[0106] According to some embodiments, as illustrated in FIG. 19C, in order to deactivate device 10', i.e., to release the energy stored in spring 18 in order to fully retract needle assembly 16, a user must first rotate sleeve 130 via tab 132 in a direction 138 until button 64 is exposed through opening 136. In some embodiments, a user continues to rotate sleeve 130 until button 64 is sufficiently exposed to allow the user to depress button 64 with his or her fingertip. In other embodiments, a user rotates sleeve 130 through approximately 180°, or until tab 132 reoccupies the plane defined by wing attachment 24 on the opposite side of distal barrel 20 from where tab 132 was initially oriented. For example, in some embodiments, tab 132 is initially adjacent side 112 of wing attachment 24 and, following rotation of sleeve 130, tab 132 is adjacent side 114 of wing attachment 24. Following a sufficient rotation of sleeve 130 as described above, the user can then depress cantilevered actuator arm 60 via button 64 and deactivate device 10' as described previously.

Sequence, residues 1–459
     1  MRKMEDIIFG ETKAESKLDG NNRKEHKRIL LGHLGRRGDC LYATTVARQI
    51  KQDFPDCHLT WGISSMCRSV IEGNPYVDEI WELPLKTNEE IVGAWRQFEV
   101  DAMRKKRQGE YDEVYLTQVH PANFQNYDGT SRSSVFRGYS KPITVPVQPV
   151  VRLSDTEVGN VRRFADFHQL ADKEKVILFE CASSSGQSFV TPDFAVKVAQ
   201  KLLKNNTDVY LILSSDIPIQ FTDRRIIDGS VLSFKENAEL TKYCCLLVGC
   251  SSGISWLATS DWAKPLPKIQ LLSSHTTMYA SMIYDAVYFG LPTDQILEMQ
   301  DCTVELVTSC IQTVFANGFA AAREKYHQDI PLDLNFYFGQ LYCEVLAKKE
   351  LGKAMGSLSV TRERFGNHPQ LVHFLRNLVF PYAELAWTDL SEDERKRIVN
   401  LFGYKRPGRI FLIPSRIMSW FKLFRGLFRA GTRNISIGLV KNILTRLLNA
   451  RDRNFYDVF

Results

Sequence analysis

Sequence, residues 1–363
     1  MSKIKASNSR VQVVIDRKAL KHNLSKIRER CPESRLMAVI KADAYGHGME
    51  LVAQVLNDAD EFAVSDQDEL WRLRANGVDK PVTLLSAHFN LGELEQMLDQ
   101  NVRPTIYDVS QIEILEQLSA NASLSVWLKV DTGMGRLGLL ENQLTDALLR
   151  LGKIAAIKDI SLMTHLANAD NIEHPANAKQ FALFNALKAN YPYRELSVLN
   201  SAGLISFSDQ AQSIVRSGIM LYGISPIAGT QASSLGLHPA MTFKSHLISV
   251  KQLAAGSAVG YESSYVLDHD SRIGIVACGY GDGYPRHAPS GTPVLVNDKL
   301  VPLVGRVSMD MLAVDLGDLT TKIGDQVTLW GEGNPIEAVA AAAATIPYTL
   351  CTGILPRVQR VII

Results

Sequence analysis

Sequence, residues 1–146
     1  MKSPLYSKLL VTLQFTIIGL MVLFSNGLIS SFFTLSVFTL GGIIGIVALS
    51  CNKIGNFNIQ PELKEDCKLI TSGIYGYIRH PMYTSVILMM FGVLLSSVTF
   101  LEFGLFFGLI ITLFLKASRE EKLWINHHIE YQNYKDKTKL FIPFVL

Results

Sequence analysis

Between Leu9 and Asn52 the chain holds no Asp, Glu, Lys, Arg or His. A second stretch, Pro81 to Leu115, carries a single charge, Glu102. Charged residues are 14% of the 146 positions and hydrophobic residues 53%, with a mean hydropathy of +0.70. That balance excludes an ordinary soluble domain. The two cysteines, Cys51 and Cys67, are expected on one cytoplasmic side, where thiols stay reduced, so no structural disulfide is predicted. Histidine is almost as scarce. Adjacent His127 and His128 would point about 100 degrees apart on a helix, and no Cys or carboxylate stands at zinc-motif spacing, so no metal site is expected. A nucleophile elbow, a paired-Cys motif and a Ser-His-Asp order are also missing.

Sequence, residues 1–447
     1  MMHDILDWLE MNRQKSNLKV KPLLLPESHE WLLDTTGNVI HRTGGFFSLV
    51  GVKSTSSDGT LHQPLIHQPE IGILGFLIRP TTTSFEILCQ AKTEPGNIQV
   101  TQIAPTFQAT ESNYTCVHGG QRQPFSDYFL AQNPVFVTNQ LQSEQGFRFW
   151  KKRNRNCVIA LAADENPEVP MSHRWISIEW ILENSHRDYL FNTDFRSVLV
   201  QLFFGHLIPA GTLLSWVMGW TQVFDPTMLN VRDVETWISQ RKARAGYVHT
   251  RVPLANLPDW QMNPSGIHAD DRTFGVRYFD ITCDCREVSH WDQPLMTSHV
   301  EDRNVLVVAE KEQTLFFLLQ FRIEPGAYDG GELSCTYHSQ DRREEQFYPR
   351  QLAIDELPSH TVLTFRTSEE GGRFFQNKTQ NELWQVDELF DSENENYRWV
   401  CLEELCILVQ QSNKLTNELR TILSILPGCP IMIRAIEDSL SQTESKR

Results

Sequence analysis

[0107] According to some embodiments, sleeve 130 is retained against rotation in a direction opposite to the direction in which it is intended that sleeve 130 be rotated to expose button 64. In this way, button 64 is prevented from inadvertent activation via coming in contact with the inside diameter of sleeve 130 due to a reverse rotation thereof. For example, in some embodiments, cover 134 is sized and configured to cover button 64 as well as the apexes of distal major diameter portion 84 and proximal major diameter portion 86 of distal barrel 20. Sleeve 130 is prevented from inadvertent rotation in the wrong direction as the inside diameter of sleeve 130 is obstructed by the apexes of distal major diameter portion 84 and proximal major diameter portion 86 of distal barrel 20. Cover 134 and slot 136, on the other hand, are configured to accommodate the apexes of distal major diameter portion 84 and proximal major diameter portion 86 of distal barrel 20 when sleeve 130 is rotated in the intended direction. Thus, button 64 is prevented from inadvertent activation and is protected by the interaction of cover 134 and the distal and proximal major diameter portions 84 and 86 of distal barrel 20.